Early childhood exposure to environmental phenols and parabens, phthalates, organophosphate pesticides, and trace elements in association with attention deficit hyperactivity disorder (ADHD) symptoms in the CHARGE study
Background A growing body of literature investigated childhood exposure to environmental chemicals in association with attention deficit hyperactivity disorder (ADHD) symptoms, but limited studies considered urinary mixtures of multiple chemical classes. This study examined associations of concurrent exposure to non-persistent chemicals with ADHD symptoms in children diagnosed with autism spectrum disorder (ASD), developmental delay, and typical development. Methods A total of 574 children aged 2-5 years from the Childhood Autism Risks from Genetics and Environment (CHARGE) case-control study was administered the Aberrant Behavior Checklist (ABC). This study focused on the Hyperactivity subscale and its two subdomains (hyperactivity/impulsivity, inattention). Sixty-two chemicals from four classes (phenols/parabens, phthalates, organophosphate pesticides, trace elements) were quantified in child urine samples, and 43 chemicals detected in > 70% samples were used in statistical analyses. Weighted quantile sum regression for negative binomial outcomes with repeated holdout validation was performed to investigate covariate-adjusted associations between mixtures and ABC scores in 574 children. The mixture analyses were further restricted to 232 children with ASD. Results Phthalate metabolite mixtures, weighted for mono-n-butylphthalate (MNBP), mono-2-heptyl phthalate, and mono-carboxy isononyl phthalate, were associated with the Hyperactivity subscale (mean incidence rate ratio [mIRR] = 1.11; 2.5th, 97.5th percentile: 1.00, 1.23), especially the hyperactivity/impulsivity subdomain (mIRR = 1.14; 2.5th, 97.5th percentile: 1.06, 1.26). These associations remained similar after restricting to children with ASD. The inattention subdomain was associated with a phenols/parabens mixture, weighted for several parabens and bisphenols (mIRR = 1.13; 2.5th, 97.5th percentile: 1.00, 1.28) and a total mixture, weighted for 3,4-dihydroxy benzoic acid, MNBP, and mono-(2-ethyl-5-carboxypentyl) phthalate (mIRR = 1.11; 2.5th, 97.5th percentile: 1.01, 1.25) only among children with ASD. Conclusions Concurrent exposure to phthalate mixtures was associated with hyperactivity in early childhood. Though causal inference cannot be made based on our cross-sectional findings, this study warrants further research on mixtures of larger number of chemicals from multiple classes in association with ADHD-related behaviors in young children.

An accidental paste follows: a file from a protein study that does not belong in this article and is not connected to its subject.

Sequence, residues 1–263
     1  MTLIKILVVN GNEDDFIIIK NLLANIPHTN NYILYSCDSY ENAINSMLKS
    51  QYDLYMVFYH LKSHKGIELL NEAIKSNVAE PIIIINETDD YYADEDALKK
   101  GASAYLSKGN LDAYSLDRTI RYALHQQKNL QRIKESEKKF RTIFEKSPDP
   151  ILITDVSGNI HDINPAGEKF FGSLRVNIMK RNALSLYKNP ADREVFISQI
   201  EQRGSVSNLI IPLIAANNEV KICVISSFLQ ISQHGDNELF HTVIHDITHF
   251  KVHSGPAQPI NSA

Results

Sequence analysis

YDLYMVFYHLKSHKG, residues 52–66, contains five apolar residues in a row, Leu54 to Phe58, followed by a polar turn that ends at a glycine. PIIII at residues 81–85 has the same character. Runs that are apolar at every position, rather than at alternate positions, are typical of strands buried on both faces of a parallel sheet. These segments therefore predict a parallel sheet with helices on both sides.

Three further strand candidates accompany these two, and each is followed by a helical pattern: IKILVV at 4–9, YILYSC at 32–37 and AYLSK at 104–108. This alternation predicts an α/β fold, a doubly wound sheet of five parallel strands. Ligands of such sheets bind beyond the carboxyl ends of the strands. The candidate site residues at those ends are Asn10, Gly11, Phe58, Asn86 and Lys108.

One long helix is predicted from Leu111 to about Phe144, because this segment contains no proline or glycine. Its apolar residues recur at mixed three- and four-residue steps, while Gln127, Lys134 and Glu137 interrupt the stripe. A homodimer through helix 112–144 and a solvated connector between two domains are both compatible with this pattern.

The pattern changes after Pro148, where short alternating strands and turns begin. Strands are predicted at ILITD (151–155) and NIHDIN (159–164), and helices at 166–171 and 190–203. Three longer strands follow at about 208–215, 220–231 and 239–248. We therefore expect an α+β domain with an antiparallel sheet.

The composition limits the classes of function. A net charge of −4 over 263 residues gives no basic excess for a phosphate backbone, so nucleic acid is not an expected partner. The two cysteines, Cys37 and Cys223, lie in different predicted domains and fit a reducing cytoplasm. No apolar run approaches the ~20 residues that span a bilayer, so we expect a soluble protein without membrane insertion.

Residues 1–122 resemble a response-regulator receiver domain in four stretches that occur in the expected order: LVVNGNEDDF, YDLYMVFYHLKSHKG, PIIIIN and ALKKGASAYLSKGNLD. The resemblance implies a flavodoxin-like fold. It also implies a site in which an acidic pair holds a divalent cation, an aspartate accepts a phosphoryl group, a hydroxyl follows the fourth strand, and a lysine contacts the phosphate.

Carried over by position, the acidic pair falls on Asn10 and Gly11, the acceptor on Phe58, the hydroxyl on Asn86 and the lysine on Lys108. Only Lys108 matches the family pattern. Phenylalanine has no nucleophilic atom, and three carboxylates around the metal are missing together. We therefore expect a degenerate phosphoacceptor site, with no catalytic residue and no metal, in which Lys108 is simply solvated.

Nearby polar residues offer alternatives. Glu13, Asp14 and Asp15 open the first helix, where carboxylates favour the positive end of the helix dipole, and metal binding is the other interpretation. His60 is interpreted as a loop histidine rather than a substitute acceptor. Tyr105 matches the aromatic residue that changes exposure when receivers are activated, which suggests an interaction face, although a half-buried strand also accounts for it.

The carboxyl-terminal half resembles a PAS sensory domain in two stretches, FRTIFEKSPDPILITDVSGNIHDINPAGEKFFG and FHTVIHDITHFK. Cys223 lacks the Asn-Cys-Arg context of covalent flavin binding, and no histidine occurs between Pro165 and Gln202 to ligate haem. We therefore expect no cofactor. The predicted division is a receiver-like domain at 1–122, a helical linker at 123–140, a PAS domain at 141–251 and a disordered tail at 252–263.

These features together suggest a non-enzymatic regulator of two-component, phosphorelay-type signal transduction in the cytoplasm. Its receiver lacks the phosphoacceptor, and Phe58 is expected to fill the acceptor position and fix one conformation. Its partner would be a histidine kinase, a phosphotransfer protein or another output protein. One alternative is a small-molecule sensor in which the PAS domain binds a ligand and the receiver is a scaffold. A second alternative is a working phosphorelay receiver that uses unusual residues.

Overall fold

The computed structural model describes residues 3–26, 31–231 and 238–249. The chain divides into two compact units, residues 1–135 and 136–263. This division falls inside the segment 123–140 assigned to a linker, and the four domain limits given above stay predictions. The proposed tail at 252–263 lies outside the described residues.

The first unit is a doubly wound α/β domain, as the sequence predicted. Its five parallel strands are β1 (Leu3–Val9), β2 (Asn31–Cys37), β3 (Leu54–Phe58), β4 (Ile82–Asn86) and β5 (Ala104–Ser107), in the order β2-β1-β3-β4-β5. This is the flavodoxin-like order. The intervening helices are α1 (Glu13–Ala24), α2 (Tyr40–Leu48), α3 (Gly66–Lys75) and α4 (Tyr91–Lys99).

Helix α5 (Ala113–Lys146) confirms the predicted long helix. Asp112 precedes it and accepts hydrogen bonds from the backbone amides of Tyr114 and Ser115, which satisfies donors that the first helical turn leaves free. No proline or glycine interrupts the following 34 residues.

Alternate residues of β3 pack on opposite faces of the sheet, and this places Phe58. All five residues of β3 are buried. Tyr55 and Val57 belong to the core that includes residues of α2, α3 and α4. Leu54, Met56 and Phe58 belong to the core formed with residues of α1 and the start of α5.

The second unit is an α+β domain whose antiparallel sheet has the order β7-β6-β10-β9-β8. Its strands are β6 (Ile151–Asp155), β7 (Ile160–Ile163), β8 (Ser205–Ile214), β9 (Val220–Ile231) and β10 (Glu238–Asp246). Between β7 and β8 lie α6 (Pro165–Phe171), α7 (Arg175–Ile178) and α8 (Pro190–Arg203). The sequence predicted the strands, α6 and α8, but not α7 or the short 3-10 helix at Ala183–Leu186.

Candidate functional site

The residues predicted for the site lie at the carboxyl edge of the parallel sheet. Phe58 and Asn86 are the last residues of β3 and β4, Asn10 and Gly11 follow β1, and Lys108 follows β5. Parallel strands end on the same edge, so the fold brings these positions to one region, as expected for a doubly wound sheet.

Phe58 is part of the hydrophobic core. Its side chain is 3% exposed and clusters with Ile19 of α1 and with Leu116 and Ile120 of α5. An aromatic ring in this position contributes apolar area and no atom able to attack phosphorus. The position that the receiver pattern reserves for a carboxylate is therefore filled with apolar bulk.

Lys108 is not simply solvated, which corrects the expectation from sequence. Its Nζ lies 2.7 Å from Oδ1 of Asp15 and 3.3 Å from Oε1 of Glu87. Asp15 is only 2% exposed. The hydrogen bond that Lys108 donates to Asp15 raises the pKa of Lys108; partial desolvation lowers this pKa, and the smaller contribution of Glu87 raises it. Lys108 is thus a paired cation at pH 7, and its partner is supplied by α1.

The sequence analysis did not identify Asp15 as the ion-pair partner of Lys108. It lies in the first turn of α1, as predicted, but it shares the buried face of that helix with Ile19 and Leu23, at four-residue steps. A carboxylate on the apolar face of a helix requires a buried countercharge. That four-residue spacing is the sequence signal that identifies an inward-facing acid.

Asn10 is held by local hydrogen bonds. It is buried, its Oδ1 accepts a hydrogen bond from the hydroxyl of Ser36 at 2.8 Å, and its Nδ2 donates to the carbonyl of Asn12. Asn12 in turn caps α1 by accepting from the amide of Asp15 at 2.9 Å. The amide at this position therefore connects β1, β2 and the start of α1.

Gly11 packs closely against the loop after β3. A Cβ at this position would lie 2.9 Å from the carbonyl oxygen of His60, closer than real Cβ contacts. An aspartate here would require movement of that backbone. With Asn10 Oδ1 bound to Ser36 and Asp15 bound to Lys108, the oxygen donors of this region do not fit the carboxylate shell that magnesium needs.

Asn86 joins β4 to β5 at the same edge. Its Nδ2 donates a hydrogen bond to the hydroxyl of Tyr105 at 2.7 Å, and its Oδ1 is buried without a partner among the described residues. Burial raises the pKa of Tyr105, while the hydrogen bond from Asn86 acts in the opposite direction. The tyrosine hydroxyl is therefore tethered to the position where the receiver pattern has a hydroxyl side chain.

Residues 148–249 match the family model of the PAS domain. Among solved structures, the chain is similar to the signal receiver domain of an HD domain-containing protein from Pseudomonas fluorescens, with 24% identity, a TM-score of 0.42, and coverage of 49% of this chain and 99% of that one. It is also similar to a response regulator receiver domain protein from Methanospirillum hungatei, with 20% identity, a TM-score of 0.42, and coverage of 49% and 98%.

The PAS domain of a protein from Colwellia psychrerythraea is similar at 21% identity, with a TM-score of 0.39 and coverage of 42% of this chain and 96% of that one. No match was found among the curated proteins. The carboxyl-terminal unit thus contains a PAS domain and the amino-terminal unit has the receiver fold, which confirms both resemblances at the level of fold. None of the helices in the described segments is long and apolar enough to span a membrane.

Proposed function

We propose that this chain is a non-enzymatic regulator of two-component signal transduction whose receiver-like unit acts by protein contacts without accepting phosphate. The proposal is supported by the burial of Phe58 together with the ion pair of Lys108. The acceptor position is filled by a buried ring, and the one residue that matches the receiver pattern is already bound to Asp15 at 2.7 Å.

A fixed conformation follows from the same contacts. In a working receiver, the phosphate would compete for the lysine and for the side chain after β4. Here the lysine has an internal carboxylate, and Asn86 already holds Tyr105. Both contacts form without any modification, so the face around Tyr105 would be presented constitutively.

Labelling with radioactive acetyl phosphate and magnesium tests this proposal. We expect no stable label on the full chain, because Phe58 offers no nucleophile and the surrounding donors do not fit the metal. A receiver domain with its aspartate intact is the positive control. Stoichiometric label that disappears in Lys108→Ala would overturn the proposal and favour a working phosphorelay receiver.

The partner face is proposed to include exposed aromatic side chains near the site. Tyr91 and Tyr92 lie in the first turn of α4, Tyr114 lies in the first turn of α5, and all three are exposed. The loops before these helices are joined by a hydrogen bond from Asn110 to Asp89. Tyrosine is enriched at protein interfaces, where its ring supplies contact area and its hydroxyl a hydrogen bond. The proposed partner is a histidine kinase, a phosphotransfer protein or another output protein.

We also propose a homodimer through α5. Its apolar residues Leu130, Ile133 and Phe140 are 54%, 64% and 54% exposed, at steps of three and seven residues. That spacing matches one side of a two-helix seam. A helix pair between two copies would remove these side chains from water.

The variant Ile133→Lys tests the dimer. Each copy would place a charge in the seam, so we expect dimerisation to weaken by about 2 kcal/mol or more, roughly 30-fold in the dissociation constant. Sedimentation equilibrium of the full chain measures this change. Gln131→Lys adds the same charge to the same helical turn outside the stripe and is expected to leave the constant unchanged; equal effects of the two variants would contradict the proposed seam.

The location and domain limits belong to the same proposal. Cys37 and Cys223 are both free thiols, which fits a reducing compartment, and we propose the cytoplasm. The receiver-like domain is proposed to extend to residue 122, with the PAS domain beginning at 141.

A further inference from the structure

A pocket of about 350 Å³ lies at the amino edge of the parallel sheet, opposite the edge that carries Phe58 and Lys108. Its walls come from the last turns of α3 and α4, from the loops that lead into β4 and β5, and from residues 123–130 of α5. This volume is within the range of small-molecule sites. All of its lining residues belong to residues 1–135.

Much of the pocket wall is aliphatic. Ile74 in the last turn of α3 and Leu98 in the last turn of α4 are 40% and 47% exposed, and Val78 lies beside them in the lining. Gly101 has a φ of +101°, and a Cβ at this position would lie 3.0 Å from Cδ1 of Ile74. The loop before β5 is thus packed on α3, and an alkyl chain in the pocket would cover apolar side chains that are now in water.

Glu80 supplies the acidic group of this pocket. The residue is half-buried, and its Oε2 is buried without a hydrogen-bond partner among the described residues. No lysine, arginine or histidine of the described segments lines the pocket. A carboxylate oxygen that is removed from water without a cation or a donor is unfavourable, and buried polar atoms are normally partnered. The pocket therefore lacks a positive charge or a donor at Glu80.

Authors: Jiwon Oh, Kyoungmi Kim, Kurunthachalam Kannan, Patrick J Parsons, Agnieszka Mlodnicka, Rebecca J Schmidt, Julie B Schweitzer, Irva Hertz-Picciotto, Deborah H Bennett
; Full Source: Research square 2023 Feb 10;rs.3.rs-2565914. doi: 10.21203/rs.3.rs-2565914/v1.